old and under, “according to the time which he had diligently inquired of the
It’s also interesting that whereas the shepherds
were provided angelic guidance to the Saviour’s birth and did not bring gifts,
the wise men were provided questionable guidance (involved with the destruction
of the Messiah) and did bring gifts.
When was Jesus born?
The Bible does not say. There is no account in the Bible of Christians (followers
of Christ) celebrating his birth. Surely if it was something to be done, young
Timothy would have known about it. If the shepherds were in the field watching
their flocks (Luke 2:8), and December is a cold month in that area, possibly even
winter-like, it’s probable that he was not born on December 25.
Bible does quote Jesus many times encouraging the truth. “God is a spirit: and
they that worship him must worship Him in spirit and in truth” (John 4:23). Also,
referring to apostate leaders of his day “you make the word of God invalid by
your tradition which you handed down” (Mark 7:13). Very serious charges against
these leaders: “You are from your father the Devil … he is a liar and the father
of the lie … This is why you do not listen, because you are not from God” (John
8:42-47). Also, the apostle Paul warned Christians to stay away from non-Christian
influence (2 Corinthians 6:14-18).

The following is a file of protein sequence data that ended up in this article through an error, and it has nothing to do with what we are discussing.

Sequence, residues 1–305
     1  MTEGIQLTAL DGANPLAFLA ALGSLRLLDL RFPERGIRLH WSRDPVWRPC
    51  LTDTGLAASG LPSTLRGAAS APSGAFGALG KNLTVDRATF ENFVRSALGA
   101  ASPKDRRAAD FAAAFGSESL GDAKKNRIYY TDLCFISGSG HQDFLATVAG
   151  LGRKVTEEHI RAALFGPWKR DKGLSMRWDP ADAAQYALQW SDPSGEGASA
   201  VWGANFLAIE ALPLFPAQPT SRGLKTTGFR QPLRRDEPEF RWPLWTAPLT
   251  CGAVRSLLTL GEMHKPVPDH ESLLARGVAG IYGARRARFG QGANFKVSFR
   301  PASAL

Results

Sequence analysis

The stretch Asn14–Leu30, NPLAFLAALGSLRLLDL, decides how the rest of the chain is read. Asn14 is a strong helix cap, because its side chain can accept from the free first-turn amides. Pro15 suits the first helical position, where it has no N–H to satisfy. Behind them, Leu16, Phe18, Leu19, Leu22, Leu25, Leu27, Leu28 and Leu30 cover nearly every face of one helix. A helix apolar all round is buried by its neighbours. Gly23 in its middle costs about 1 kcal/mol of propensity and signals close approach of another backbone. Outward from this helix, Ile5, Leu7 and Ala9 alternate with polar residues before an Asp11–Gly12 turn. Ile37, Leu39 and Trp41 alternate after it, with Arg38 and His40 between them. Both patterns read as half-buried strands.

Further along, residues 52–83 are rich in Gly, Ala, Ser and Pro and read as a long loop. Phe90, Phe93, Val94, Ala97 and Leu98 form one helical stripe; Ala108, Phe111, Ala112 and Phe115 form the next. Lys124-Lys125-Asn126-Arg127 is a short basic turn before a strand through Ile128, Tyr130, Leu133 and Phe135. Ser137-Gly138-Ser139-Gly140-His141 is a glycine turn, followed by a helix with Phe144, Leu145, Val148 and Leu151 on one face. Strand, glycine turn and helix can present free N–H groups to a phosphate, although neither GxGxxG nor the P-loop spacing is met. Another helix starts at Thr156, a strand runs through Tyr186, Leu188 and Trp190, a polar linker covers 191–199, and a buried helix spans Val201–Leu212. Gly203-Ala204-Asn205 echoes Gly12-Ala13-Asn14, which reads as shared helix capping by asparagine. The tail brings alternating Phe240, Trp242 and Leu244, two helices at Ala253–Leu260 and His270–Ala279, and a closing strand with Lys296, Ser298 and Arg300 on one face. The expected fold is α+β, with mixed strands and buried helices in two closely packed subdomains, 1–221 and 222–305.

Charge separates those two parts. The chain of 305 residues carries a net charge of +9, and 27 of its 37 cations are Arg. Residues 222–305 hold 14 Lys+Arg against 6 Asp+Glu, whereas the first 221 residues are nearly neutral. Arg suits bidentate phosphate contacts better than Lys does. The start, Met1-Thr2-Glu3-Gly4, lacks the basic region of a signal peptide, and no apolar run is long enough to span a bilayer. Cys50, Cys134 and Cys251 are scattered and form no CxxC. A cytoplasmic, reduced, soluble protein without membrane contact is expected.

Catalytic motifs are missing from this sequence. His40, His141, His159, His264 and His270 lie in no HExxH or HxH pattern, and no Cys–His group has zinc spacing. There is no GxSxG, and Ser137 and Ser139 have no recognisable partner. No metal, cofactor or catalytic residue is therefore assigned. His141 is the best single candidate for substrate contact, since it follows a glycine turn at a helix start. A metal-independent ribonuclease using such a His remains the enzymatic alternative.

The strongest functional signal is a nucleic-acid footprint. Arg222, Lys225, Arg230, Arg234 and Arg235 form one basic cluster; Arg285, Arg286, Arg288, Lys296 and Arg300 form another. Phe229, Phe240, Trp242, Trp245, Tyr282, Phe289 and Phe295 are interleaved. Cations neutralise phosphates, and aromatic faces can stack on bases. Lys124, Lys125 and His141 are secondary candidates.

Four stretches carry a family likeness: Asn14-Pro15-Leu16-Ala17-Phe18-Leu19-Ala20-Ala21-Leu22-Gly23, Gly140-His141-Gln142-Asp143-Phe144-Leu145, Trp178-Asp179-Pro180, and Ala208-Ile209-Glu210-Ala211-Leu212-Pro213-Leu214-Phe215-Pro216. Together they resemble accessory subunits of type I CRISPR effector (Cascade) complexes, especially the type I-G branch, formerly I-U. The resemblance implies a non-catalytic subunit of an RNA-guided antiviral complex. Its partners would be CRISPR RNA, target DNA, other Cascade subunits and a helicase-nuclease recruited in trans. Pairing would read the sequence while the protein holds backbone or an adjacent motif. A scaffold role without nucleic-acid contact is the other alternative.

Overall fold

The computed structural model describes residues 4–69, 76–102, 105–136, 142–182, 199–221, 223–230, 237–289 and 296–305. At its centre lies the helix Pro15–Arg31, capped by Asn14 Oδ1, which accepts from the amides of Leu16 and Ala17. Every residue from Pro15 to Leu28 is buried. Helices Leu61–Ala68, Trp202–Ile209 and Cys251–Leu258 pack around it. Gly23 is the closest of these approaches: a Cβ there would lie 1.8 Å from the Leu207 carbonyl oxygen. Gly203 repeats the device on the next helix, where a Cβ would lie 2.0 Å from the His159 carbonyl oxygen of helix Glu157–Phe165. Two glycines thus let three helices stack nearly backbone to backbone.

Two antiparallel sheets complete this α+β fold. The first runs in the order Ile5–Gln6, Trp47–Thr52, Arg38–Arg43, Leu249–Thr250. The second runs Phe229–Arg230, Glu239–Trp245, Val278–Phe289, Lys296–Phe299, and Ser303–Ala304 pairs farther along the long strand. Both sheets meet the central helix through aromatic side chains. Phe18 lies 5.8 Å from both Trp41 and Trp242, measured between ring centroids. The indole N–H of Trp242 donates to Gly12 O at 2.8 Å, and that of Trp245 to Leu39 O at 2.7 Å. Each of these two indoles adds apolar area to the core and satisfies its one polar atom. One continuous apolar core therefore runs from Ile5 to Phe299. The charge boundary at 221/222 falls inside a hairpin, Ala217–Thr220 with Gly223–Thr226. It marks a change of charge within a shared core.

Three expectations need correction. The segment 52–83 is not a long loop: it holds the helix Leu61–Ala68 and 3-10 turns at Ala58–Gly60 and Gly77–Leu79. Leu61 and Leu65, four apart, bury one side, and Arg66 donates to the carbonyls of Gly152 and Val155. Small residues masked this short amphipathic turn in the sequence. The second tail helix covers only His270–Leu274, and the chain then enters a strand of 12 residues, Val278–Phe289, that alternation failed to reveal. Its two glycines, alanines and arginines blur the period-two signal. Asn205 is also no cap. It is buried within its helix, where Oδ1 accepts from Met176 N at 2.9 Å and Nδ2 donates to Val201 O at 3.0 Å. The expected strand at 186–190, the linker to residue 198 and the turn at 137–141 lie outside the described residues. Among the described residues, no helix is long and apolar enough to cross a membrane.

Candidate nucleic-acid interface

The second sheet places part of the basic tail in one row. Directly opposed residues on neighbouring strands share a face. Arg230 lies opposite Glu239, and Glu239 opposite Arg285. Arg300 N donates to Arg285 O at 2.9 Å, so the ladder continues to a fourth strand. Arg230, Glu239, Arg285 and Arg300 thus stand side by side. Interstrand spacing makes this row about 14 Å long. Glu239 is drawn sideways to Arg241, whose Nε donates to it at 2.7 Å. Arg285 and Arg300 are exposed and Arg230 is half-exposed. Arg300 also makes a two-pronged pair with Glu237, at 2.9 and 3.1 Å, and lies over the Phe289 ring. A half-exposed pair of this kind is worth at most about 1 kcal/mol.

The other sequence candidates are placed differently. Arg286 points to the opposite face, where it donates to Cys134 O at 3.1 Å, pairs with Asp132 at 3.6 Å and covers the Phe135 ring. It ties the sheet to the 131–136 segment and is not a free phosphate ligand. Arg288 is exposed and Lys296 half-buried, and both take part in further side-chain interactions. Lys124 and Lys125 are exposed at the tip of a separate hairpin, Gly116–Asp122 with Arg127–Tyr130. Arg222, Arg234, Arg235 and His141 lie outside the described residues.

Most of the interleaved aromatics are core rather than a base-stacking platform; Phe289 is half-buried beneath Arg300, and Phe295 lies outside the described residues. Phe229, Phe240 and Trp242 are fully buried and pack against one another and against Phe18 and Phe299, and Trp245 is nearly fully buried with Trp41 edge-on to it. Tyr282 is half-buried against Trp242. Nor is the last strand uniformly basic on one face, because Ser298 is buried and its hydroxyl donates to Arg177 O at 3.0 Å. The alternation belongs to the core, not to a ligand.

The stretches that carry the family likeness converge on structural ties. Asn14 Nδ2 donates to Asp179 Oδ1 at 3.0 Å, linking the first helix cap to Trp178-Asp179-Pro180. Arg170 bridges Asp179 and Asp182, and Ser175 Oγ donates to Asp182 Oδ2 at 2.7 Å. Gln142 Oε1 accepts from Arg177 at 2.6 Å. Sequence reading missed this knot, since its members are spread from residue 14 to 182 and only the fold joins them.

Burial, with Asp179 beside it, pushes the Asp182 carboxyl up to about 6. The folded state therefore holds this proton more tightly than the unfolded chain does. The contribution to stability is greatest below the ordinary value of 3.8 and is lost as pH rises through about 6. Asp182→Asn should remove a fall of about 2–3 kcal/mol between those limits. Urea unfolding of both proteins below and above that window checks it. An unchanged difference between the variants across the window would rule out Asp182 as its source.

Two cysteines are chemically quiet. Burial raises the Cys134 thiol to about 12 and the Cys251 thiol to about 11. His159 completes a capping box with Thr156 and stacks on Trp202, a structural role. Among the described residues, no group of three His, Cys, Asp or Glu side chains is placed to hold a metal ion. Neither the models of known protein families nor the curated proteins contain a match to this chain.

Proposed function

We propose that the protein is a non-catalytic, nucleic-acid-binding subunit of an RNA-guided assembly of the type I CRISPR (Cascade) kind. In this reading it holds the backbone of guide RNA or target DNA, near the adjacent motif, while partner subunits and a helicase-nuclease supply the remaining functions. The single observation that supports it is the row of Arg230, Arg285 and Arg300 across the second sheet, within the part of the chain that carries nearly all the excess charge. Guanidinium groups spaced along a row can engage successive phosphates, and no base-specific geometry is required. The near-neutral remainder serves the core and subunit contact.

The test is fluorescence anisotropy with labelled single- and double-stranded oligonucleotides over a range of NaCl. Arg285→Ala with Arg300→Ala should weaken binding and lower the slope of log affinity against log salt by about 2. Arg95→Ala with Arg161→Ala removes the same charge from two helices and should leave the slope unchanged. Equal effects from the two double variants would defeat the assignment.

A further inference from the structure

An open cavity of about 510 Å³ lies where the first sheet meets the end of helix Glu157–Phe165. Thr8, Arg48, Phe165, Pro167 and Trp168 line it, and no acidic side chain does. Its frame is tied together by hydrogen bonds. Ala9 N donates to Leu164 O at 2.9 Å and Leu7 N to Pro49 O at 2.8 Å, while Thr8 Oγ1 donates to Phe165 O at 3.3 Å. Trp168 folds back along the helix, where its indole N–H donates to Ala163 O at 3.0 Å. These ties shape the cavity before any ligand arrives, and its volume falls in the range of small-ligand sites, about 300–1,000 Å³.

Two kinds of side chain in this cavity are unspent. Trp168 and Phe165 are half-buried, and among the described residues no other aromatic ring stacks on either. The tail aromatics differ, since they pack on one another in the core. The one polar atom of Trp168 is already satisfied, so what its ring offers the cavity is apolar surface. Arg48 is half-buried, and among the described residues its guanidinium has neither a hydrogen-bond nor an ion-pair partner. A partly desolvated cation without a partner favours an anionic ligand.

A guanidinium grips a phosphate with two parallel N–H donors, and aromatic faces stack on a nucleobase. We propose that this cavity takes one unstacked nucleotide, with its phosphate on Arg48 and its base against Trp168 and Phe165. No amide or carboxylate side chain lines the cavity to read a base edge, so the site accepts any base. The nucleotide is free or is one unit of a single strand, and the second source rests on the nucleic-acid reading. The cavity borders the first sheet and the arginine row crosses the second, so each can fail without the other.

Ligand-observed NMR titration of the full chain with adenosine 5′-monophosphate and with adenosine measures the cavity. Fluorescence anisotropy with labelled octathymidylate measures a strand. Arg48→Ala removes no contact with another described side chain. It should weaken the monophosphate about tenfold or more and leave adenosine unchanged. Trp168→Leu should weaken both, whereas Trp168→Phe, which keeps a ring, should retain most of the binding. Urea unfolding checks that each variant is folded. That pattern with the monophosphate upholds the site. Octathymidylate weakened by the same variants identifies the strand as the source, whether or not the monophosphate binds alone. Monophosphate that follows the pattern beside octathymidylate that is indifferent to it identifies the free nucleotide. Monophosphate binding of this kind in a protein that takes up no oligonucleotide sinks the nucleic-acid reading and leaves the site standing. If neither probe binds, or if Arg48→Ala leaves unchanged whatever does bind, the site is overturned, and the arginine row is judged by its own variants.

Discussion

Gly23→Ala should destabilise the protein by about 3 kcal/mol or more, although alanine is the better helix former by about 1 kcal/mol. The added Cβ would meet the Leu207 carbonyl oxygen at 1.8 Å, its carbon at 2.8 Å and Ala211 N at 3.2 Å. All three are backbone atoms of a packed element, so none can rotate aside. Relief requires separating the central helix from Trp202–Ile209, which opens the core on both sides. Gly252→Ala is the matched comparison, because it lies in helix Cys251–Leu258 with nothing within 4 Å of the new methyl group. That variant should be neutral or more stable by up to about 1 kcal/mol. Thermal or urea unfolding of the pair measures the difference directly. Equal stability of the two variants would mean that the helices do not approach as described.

Please contrast the many
items connected with Christmas with what actually occurred, and the need to recognize
the message from Jesus and his immediate disciples. Btw, if he threw the money
changers from the temple area, how do you think he feels about all the commercial
profits being made in his name, whether the store says “Merry Christmas,” “Happy
Holidays” or “Watch that wall”? Will he not say, “I never knew you. Get away from
me, you workers of lawlessness” (Matthew 7:21-23)?
happened in Christendom (including, but not only Christmas) reminds me of what
happened when Moses was up the mountain receiving instruction. Some of the people
below made the golden image and said to the masses: “This is your God who delivered
you from Egypt!” That was wrong; Aaron was deceptively misrepresenting God; God
did not approve. But if that happened today, modern religious people would say,
“It’s OK, just another way to worship God.” But God would say they are corrupt
much more here than I can respond to this time, but will give just a preview of
where we'll go next time.
Why do we need to
consult "secular" sources for the history of the early church (especially